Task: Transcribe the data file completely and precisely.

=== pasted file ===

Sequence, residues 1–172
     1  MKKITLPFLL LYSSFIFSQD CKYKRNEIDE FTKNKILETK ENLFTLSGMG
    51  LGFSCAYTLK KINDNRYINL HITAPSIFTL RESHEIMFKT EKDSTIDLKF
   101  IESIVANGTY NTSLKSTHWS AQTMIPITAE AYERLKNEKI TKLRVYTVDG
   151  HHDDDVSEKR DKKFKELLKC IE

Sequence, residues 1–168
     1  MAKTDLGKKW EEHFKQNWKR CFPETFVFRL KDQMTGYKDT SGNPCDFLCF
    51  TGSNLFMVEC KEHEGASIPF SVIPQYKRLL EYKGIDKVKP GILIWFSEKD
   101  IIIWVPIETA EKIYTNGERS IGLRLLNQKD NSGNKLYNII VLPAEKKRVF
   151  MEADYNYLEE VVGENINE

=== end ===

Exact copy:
Sequence, residues 1–172
     1  MKKITLPFLL LYSSFIFSQD CKYKRNEIDE FTKNKILETK ENLFTLSGMG
    51  LGFSCAYTLK KINDNRYINL HITAPSIFTL RESHEIMFKT EKDSTIDLKF
   101  IESIVANGTY NTSLKSTHWS AQTMIPITAE AYERLKNEKI TKLRVYTVDG
   151  HHDDDVSEKR DKKFKELLKC IE

Sequence, residues 1–168
     1  MAKTDLGKKW EEHFKQNWKR CFPETFVFRL KDQMTGYKDT SGNPCDFLCF
    51  TGSNLFMVEC KEHEGASIPF SVIPQYKRLL EYKGIDKVKP GILIWFSEKD
   101  IIIWVPIETA EKIYTNGERS IGLRLLNQKD NSGNKLYNII VLPAEKKRVF
   151  MEADYNYLEE VVGENINE